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AI: Advances in Imagination

Christian Napoli
Data dell'evento: 
Martedì, 24 September, 2019 - 09:15
Aula A6

Modelling human-based phenomena is not an easy task. Moreover, implementing such a model by means of a traditional algorithmic approach - based on ab initio assumptions - gets nearly impossible.
On the other hand, leaving the idea of any prodromal hypothesis, it is possible to let models emerge by themselves. That can be done by applying specific mathematical methods and several advanced tools such as feature representation transforms and neural networks with a little pragmatic perspective on chaotic phenomena. Sometimes results gets as surprising as unexpected, but, eventually, quite interesting. The interpretation of apparently chaotic phenomena relies on our ability to extrapolate symmetries and mathematical relations, therefore it depends on how we represent the information that, while apparently hidden in the initial form, can be also described in a different manner. When we change frame - or basis, in a strictly mathematical fashion - we can decompose a signal in new sets of coefficients that could dramatically change our perspective. Signal decomposition techniques such as functional analysis, multiresolution transforms and polynomial decompositions, permits us to pack the information contained on a signal into a few significant numerical  coefficients. By doing so we could relate few coefficients to specific subsets of features emerging on the observed phenomena although initially unfathomable on the registered signal. This kind of informational assets is generally ideal for automatic classification and model extrapolation by means of machine learning techniques and neural networks.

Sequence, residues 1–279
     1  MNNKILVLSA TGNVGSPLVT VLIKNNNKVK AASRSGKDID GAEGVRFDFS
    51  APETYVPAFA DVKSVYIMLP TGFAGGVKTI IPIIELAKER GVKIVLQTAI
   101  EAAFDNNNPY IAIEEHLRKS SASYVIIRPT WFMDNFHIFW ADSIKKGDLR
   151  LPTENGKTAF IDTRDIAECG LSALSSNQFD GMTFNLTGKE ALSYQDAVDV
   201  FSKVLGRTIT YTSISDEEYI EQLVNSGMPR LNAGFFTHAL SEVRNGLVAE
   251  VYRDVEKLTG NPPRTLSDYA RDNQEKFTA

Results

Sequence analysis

Such models can be applied to many fields of research to understand and exploit non periodical phenomena as well as for classification purposes in many different fields. Such approaches constitutes optimal tools in order to understand, model and predict the behaviour of human groups as well as to better understand and predict important aspects of human-computer interaction.

In this talk the following cues will be mentioned:

        - Predictive and forecasting neural models
        - Dynamical time-evolving AI-based models
        - Continuous machine learning approaches
        - AI-oriented feature enhancement and suppression
        - Non-trivial human-based classification tasks
        - Context and environment driven neuro-classifiers
        - Behavioural models identification and predictive interaction
        - A new biometrics perspective and other things to come....

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